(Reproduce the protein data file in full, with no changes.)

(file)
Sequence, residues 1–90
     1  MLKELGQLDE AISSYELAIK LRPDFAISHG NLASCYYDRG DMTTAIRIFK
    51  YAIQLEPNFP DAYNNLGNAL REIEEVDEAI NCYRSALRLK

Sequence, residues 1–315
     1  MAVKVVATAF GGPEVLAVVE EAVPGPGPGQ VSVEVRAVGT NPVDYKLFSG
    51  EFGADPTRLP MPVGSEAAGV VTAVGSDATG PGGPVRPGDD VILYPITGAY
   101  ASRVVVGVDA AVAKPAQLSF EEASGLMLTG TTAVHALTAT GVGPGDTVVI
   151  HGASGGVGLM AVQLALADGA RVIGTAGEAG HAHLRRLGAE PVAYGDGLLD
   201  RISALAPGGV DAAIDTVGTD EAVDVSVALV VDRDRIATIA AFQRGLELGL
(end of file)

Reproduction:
Sequence, residues 1–90
     1  MLKELGQLDE AISSYELAIK LRPDFAISHG NLASCYYDRG DMTTAIRIFK
    51  YAIQLEPNFP DAYNNLGNAL REIEEVDEAI NCYRSALRLK

Sequence, residues 1–315
     1  MAVKVVATAF GGPEVLAVVE EAVPGPGPGQ VSVEVRAVGT NPVDYKLFSG
    51  EFGADPTRLP MPVGSEAAGV VTAVGSDATG PGGPVRPGDD VILYPITGAY
   101  ASRVVVGVDA AVAKPAQLSF EEASGLMLTG TTAVHALTAT GVGPGDTVVI
   151  HGASGGVGLM AVQLALADGA RVIGTAGEAG HAHLRRLGAE PVAYGDGLLD
   201  RISALAPGGV DAAIDTVGTD EAVDVSVALV VDRDRIATIA AFQRGLELGL